Soft Tissue Sarcomas

Introduction

Soft tissue sarcomas are cancers of the supporting tissues of the body. Soft tissue tumors can occur in muscles, fat, nerves, blood vessels, tendons and other tissues that support, surround or protect body organs and joints. While most of such tumors are benign (i.e. not cancerous) and are not life-threatening, those that are malignant are called soft tissue sarcomas. Approximately 12,000 soft tissue sarcomas are newly-diagnosed each year in the United States. About 40% of soft tissue sarcomas occur in the legs, usually at or above the knee. 15% develop in the hands or arms, 15% in the head or neck and the remaining 30% in the shoulders, chest, abdomen or hips.

It is not clear why some people develop sarcomas, but researchers have been able to identify some common characteristics in groups with high rates of soft tissue sarcoma. Some studies have shown that people exposed to phenoxyacetic acid in herbicides and chlorophenols in wood preservative have increased risk of developing soft tissue sarcoma, and people with certain inherited diseases such as neurofibromatosis have a higher risk of developing soft tissue sarcomas. People exposed to high doses of radiation are also at a greater risk for developing soft tissue sarcoma. Researchers are also studying genetic abnormalities and chromosome mutations as possible causes of soft tissue sarcomas.

In their early stages, soft tissue sarcomas rarely display any symptoms. Because soft tissue is very elastic, tumors can grow quite large before they are felt. The first symptom is usually a painless lump. As the tumor grows and begins to press against nearby nerves and muscles, soreness or pain will be felt. Soft tissue sarcomas can only be diagnosed by a surgical biopsy procedure in which tissue from the tumor is removed for analysis under a microscope. Soft tissue sarcomas are treated using surgery, radiation therapy or chemotherapy. Depending on the size, location, extent and severity of the tumor, a combination of all or some of these treatments may be used. Biological therapy is currently being tested as a treatment in clinical trials. The most common types of soft tissue sarcomas are described below:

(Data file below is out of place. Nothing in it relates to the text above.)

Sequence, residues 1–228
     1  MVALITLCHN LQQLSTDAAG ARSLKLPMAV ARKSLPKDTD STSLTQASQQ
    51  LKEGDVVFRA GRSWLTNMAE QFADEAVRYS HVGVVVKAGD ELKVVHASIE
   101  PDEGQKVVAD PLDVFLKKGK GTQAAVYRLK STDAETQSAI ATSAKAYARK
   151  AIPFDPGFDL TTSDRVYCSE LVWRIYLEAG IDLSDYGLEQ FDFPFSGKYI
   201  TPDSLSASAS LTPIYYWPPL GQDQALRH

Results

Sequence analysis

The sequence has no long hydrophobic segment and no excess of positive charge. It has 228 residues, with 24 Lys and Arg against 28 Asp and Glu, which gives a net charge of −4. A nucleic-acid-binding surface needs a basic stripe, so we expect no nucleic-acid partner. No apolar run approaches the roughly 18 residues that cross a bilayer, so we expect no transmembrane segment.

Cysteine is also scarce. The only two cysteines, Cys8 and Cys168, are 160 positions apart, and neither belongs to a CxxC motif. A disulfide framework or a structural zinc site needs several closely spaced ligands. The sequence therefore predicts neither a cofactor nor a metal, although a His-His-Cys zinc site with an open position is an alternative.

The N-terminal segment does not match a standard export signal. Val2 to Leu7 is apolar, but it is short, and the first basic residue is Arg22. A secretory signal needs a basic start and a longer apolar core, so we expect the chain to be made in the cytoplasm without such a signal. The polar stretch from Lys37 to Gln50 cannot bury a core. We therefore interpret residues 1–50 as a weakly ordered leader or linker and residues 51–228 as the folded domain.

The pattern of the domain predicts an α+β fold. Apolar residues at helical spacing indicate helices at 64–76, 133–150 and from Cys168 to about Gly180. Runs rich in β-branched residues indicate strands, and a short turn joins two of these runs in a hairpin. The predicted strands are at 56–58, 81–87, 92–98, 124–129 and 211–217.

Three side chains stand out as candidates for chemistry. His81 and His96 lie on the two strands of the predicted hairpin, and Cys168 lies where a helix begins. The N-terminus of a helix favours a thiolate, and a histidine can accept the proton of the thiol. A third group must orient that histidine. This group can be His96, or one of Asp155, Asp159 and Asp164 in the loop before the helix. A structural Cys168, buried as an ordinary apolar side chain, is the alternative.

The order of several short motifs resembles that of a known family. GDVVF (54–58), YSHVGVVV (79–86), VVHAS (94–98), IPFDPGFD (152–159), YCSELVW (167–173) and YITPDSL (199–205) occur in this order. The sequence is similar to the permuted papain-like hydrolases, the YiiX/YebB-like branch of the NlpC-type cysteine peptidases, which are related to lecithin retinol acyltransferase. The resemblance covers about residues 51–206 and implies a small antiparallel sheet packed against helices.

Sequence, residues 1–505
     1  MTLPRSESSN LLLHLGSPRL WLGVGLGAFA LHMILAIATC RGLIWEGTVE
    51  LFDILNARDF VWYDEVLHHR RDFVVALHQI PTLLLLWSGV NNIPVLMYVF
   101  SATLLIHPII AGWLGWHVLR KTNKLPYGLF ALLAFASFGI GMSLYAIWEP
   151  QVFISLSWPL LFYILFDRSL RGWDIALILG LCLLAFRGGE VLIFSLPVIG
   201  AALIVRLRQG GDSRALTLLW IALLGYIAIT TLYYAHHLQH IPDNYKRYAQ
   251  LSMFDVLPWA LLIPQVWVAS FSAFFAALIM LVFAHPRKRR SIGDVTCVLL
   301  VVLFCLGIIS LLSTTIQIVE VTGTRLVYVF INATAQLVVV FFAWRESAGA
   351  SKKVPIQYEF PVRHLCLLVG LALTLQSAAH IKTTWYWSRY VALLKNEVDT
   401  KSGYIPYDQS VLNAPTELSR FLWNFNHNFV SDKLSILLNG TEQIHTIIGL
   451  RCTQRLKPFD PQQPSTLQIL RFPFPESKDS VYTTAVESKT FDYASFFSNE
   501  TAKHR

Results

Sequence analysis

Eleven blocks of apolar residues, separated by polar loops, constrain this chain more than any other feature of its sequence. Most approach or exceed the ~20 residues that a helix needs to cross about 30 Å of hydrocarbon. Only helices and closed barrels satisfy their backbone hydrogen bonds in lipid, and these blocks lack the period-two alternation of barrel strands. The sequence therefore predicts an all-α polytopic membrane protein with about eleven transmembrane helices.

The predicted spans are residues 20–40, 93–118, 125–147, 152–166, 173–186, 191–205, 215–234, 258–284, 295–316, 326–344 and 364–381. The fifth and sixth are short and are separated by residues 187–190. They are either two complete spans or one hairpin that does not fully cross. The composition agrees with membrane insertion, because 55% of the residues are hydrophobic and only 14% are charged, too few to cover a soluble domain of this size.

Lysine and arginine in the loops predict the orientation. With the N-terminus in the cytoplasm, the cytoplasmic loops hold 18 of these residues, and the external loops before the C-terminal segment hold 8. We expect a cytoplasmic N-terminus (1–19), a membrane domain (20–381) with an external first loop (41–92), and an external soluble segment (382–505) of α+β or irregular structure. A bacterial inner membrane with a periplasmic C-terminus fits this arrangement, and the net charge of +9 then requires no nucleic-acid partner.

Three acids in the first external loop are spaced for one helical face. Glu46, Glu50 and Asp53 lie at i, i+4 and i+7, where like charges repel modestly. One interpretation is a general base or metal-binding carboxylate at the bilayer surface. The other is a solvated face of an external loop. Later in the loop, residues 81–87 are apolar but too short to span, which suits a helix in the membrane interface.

Vascular Sarcomas

Vascular sarcomas are so named because they contain many blood vessels. There are different forms of vascular sarcomas, including:

Angiosarcoma

Angiosarcomas account for less than 2% of all sarcomas. This rare malignancy arises from endothelial cells of either lymphatic or vascular origin. When the cell of origin can be identified as lymphatic, the lesion is termed a lymphangiosarcoma; when vascular derivation can be determined, the correct term is hemangiosarcoma. Often, the cell of origin cannot be determined with certainty; hence, the more general term angiosarcoma is used.

Approximately half of these lesions occur in the head and neck. The scalp and face are the most common sites of involvement. Angiosarcomas typically occur in those between 50 and 70 years old, and males are more commonly affected than females by a 3:1 ratio. While most patients are asymptomatic at the time of diagnosis, some have pain or bleeding at the tumor site. Conditions associated with angiosarcoma include long-standing lymphedema and prior irradiation. Exposure to vinyl chloride is associated with angiosarcomas of the liver, but this association has not been reported with head and neck angiosarcomas.

Hemangiopericytoma/Solitary Fibrous Tumor (SFT)

Hemangiopericytoma is a very rare form of a vascular tumor. Approximately 15-30% of hemangiopericytomas occur in the head and neck; the sinonasal tract is the most common site. No sex predilection exists, and 90% of hemangiopericytomas arise in people aged 50-70 years. Approximately 10% of hemangiopericytomas occur in children; hemangiopericytomas tend to have a much more indolent course in this group. No etiologic factors are known. Most pathologists prefer to use the term “SFT”, rather than “hemangiopericytoma.” Complete surgical excision is the treatment of choice for patients with hemangiopericytomas. Compared with other sarcomas of the head and neck, hemangiopericytomas are associated with a better prognosis. Local recurrence rates of 10-50% have been reported; fewer than 20% of patients have local recurrence after surgical excision.

Kaposi’s Sarcoma

Kaposi’s sarcoma typically occurs in the tissues under the skin or in the mucous membranes that line the mouth, nose, and anus. The cancer originates in multiple sites in the mid-dermis (second layer of skin) and extends to the epidermis (outer layer of skin). Some forms of Kaposi’s sarcoma look nodular or plaque-like on the skin. Radiation therapy is usually the treatment for Kaposi’s sarcoma; however, when tumors have spread to the organs, chemotherapy may also be used. Karposi’s sarcoma typically affects three different patient groups:

The first group of affected patients includes older men of Jewish, Italian, or Mediterranean heritage. This type of Kaposi’s sarcoma usually progresses slowly over 10-15 years. Patients commonly develop a bluish lesion on the front of the lower leg, which typically spreads to multiple lesions and can also spread to other organs.

The second group of Kaposi’s sarcoma patients consists of people who have received organ transplants and have a weakened immune system as a result of the immunosuppressive treatment following the transplant.

The third patient group is made up of AIDS patients, whose weakened immune systems make them more susceptible to the disease. Kaposi’s sarcoma in AIDS patients usually spreads quickly and can be found in many parts of the body.

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